Kempinski is the oldest hotel group (it has been in business since 1897) and it has many classic hotels. The lovely Kempinski Hotel Atlantic on Hamburg’s an der Alster, for instance, was built 1909 for shipowner Albert Ballin, who wanted to have somewhere for the first class passengers on his Hamburg-America Line ships.
At the panel on luxury hotels in Istanbul earlier this week (part of the Central Asia and Turkey Hotel Investment Conference CATHIC) all those participating agreed the importance of having a ‘past’: it adds value to a stay at the Atlantic, for instance, to have a lifesize blue-on-tile portrait of Kaiser Wilhelm II, vintage 1909, above the fire place at the back of the main lobby.
But the gal insists on heritage that goes with here-today. The Atlantic has such show-and-tell features as a BMW Suite, which comes with a BMW test drive. She made do with borrowing one of the hotel’s push bikes for a 45-minute spin around the Altersee.
The bikes at Kempinski’s Stafford in London are not, sadly, for guests’ use, but it seems that within five minutes of wherever you are in the city you will come across a station for Boris Bikes, the Barclays-sponsored rent-a-bike that have acquired the name of the mayor of London, Boris Johnson.
The Stafford is celebrating its centenary this year and there are lots of special happenings – plus a £100,000 package. For this you get three nights in a duplex suite and £10,000 to spend on, say, unlimited Stafford omelettes with truffles, and several glass of claret.
In addition, there is dinner for ten in the 380-year old wine cellar, and bespoke tailoring, lots of super shopping and a trip on the Thames and your choice of vehicle – in this case, Bentley, Jaguar or Rolls, and much more. Any girl would feel like the most cosseted in the world after all that.
Few hotels have a past to rival that of Falaknuma Palace, a Leading property outside Hyderabad. It was built in 1894 by Nawab Vikar-Ul-Ulmara, the Prime Minister of Hyderabad, but he ran out of money so it was taken over by the world’s richest man, the sixth Nizam Mehboob Ali Khan.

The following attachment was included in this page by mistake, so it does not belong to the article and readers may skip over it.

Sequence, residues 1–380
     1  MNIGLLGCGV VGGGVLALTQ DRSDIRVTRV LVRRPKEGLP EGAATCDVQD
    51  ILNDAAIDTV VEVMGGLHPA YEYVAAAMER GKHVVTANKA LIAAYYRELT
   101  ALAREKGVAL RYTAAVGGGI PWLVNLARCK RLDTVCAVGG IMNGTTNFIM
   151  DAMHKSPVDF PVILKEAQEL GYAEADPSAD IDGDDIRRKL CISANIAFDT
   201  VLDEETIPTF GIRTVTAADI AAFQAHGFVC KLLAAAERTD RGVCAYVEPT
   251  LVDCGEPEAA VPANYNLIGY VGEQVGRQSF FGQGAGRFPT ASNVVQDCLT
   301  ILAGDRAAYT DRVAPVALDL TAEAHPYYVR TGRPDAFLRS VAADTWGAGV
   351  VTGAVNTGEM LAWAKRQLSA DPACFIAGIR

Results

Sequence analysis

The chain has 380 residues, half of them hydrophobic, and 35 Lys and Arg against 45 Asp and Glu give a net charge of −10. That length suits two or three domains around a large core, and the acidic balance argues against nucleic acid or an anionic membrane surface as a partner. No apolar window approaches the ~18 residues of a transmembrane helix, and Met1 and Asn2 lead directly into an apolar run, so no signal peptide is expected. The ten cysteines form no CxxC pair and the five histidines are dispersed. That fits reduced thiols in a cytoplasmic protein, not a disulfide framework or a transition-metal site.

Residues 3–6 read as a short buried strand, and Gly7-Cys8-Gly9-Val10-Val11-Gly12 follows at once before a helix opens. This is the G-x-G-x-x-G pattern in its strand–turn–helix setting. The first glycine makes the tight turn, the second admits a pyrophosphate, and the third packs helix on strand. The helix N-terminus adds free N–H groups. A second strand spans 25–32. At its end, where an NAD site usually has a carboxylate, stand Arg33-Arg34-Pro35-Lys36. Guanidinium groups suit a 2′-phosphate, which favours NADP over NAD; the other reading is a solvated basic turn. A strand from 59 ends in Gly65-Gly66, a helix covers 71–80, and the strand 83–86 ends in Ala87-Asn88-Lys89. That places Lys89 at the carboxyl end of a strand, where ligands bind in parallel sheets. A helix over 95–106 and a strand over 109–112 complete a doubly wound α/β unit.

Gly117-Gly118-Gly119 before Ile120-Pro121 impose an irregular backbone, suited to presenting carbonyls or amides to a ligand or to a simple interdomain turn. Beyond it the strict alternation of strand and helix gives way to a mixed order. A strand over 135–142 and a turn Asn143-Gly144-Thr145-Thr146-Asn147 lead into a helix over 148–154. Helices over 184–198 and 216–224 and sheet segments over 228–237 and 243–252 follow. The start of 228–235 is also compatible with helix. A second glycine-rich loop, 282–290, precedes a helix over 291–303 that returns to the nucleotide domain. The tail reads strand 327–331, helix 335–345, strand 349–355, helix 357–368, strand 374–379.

The 60-room hotel, run by Taj, has such one-offs as the world’s longest table, all 108 feet of it, built of seven pieces of oak (it seats 101). There is also the world’s first telephone exchange… I will be back there in a couple of weeks’ time, so wait for a full report on what could be described as a ‘living heritage’ hotel.
That phrase can also be applied to Amanresorts’ two properties in China. The Aman at Summer Palace, an hour from Beijing, is in the royal kitchens near the Summer Palace’s East Gate – they were built 1750 for Emperor Qianlong, and rebuilt after the 1860 sacking by Empress Dowager Cixi. Architect is Jean-Michel Gathy, with the help of designer Jaya Ibrahim (think One&Only Reethi Rah in the Maldives).
The pair also worked on Amanfayun, outside Hangzhou, China. In this case David Li has leased an entire former village from the government.
The old village street, Fayun Pathway, now pedestrianised, is still used. Houses that were once home to tea plantation workers are now in the main individual villas (this is a 42-room Amanresort) but some are leased on to local restaurateurs, including some Buddhist monks who run a memorable vegetarian dining place.
The lovely thing is that when you wake up in the morning you look out at the tea bushes on your private terrace for, yes, this is still a working tea plantation, as well as a great place for the really active.
There are seven Buddhist temples to climb up to: the closest is Yongfu, with 308 steps up from base level.
You need to be super-duper active, however, to do justice to beautiful Bhutan. We stayed first at Taj Tashi Thimpu, the top ‘standard type’ luxury hotel in the country, and marvellously convenient as it is only about five minutes’ walk to the Rodeo Drive of the Kingdom (if you need footwear, this is the place to buy some – we counted about 30 stores in a hundred-yard walk).
And then, suitably clad, you go on treks, sometimes hours long, up and up to amazing temples. But these are still lived in, by monks of all ages. Memories abound, including one senior monk pulling his mobile phone out of the folds of his saffron robe to call a boy monk to come and unlock a door… Things like that make luxury travel even more worthwhile.